BPDO Credit for Material Ingredients

The final BPDO credit is for Material Ingredients reporting or Health Product Declarations (HPDs). HPDs list out the chemical inventory of a product to at least 0.1% (1000ppm) with full disclosure of known hazards, and are published within one of several databases. 

Once again, the threshold for achieving the Option 1 credit is 20 products from at least five different manufacturers.  In order to satisfy this credit, the information must be published or certified under one of the various identified programs in the LEED® system.

There are two additional options for points within this BPDO, Option 2 which rewards products for material ingredient optimization, and Option 3 which awards products for supply chain optimization. Under Option 2, the threshold is 25%, by cost, of the total value of permanently installed products in the project that meet GreenScreen v1.2 Benchmarks, are Cradle to Cradle Certified, REACH optimization, or another USGBC approved program.  Option 3 also used the 25%, by cost, threshold but looks at product manufacturers with validated or verified optimization practices related to health, safety, and transparency.

The AGA has published two HPDs for hot-dip galvanized steel with HPD Collaborative, one covers the use of high-grade and special high-grade zinc, while the other covers the use of prime western zinc. Although this credit does not identify an industry-average option, hot-dip galvanizing is more-or-less a commodity product and the materials ingredients disclosure is solely based on the type of zinc used in the facility.  Therefore, a galvanizer can supply the HPD on either high-grade/special high-grade zinc or prime western zinc to satisfy this requirement for a project team.  Furthermore, if high-grade or special high-grade zinc is used, the galvanized product should also meet Option 2 under the REACH optimization criteria. 

LEED® 2009

The Materials and Resources (MR) credit categories within LEED® 2009 are much more focused on individual criterion such as recycled content, VOC levels, etc.  These are the credit areas within LEED® 2009 where hot-dip galvanized steel may be able to contribute: 

MR Credit 4: Recycled Content

Use materials with recycled content such that the sum of postconsumer recycled content plus ½ of the preconsumer content constitutes at least 10% or 20% based on cost, of the total value of the materials in the project. The minimum percentage materials recycled for each point threshold is as follows:

  • 10% – 1 point
  • 20% – 2 points

The recycled content value of a material assembly is determined by weight. The recycled fraction of the assembly is then multiplied by the cost of assembly to determine the recycled content value.

There may be other areas hot-dip galvanized steel contributes points to your LEED® score on a case-by-case basis and thus each project should be evaluated individually. Here are a few additional areas utilizing hot-dip galvanized steel may contribute points:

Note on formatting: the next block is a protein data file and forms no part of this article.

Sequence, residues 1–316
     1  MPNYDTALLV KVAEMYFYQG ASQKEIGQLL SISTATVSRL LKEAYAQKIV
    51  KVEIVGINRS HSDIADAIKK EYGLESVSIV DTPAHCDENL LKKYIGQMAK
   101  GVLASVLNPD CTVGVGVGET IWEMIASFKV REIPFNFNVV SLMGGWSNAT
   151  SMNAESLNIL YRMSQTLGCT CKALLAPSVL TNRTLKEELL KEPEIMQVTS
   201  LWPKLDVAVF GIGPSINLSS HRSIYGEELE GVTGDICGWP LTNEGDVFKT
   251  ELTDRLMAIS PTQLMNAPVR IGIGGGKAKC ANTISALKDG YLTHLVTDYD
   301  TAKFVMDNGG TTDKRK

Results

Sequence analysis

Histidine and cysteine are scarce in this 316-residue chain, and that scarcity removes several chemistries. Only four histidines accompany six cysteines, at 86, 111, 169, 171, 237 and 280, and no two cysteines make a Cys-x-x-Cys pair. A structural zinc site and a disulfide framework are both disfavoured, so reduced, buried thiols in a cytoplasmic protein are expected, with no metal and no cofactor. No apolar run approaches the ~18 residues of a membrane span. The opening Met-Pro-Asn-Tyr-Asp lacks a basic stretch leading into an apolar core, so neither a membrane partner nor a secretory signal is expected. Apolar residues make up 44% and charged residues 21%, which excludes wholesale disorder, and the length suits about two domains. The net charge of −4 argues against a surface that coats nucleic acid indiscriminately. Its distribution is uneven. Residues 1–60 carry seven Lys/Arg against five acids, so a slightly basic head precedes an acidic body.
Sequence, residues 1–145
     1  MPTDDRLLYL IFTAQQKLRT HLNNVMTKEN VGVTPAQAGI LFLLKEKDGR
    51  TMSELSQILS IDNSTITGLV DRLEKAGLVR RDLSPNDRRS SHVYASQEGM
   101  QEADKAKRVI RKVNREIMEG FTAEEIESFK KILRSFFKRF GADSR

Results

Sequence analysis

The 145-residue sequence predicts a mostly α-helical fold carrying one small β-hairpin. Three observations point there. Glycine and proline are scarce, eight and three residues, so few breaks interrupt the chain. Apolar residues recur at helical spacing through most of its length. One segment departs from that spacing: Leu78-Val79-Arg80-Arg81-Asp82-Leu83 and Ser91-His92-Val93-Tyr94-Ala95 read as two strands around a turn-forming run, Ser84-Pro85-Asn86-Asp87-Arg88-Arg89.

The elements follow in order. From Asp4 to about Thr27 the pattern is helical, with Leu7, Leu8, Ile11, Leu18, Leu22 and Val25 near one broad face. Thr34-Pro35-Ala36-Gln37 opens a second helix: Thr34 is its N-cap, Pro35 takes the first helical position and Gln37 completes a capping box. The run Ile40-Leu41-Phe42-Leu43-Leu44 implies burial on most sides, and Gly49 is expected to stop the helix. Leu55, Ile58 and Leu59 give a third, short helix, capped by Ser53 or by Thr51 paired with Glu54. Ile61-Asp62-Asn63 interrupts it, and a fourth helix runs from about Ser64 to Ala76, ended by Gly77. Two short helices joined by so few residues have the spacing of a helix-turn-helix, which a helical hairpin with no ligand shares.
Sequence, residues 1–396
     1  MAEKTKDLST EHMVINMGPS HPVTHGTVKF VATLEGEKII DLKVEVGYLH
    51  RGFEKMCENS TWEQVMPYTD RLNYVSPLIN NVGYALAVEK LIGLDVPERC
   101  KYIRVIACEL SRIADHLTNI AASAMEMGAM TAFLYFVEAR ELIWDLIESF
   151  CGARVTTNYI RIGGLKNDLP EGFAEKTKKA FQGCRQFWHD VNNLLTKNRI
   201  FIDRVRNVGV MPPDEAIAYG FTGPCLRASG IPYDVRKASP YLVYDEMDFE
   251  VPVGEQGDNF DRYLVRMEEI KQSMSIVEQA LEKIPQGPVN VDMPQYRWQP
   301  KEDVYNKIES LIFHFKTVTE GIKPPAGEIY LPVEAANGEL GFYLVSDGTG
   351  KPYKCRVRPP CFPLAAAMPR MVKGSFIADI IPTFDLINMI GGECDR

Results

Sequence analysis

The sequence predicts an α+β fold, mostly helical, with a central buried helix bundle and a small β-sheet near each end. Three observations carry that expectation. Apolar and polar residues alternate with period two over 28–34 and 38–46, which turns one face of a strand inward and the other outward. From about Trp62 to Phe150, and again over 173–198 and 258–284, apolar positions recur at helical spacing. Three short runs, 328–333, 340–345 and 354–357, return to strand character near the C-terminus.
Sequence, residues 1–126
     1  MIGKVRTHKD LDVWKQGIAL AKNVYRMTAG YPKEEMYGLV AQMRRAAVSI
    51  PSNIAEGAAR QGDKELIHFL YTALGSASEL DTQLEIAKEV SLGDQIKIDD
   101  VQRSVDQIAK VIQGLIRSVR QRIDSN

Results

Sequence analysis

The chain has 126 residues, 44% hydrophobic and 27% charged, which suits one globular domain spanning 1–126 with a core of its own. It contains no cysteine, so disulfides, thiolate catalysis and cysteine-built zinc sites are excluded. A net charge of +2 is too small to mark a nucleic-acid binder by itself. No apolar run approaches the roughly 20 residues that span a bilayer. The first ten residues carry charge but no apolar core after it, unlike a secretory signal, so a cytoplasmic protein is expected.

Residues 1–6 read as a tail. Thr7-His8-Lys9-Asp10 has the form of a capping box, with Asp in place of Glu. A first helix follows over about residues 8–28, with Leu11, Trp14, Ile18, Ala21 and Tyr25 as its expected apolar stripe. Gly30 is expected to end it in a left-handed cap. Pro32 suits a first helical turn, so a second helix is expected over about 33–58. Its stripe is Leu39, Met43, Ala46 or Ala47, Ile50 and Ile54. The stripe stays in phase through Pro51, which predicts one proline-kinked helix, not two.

MR Credit 5: Regional Materials

Use materials or products that have been extracted, harvested, or recovered and manufactured within 500 miles of the project site for a minimum of 10% or 20%, based on cost, of the total materials value. If only a fraction of a product or material is extracted, harvested, or recovered and manufactured locally*, then only that percentage (by weight) can contribute to the regional value. The minimum percentage regional materials for each point threshold is as follows:

  • 10% – 1 point
  • 20% – 2 points

*Per USGBC, the steel fabricator is the final point of assembly and is therefore the manufacturer in terms of LEED® Local/Regional Materials credits (unless steel is delivered directly from the mill to the site).

MR Credit 3: Materials Reuse

Use salvaged, refurbished or reused materials, the sum of which constitutes at least 5% or 10%, based on cost, of the total value of materials on the project. The minimum percentage materials reused for each point threshold is as follows:

  • 5% – 1 point
  • 10% – 2 points

ID Credit 1: Innovation in Design

Path 1: Innovation in Design (1-5 points)

Achieve significant, measurable environmental performance using a strategy not addressed in the LEED® 2009 for New Construction and Major Renovations Rating System.

  • Material efficiency: utilizing hot-dip galvanized Architecturally Exposed Structural Steel (AESS) eliminates additional materials required for finishing as well as additional materials for future maintenance

Path 2: Exemplary Performance (1-3 points)

Achieve exemplary performance in an existing LEED® 2009 for New Construction and Major Renovations prerequisite or credit that allows exemplary performance as specified in the LEED® Reference Guide for Green Building Design & Construction, 2009 Edition. An exemplary performance point may be earned for achieving double the credit requirements and/or achieving the next incremental percentage threshold of an existing credit in LEED®

  • 1 point for MR Credit 4: Recycled Content (exceeding by an additional 10%)
  • 1 point for MR Credit 5: Regional Materials (exceeding by an additional 10%)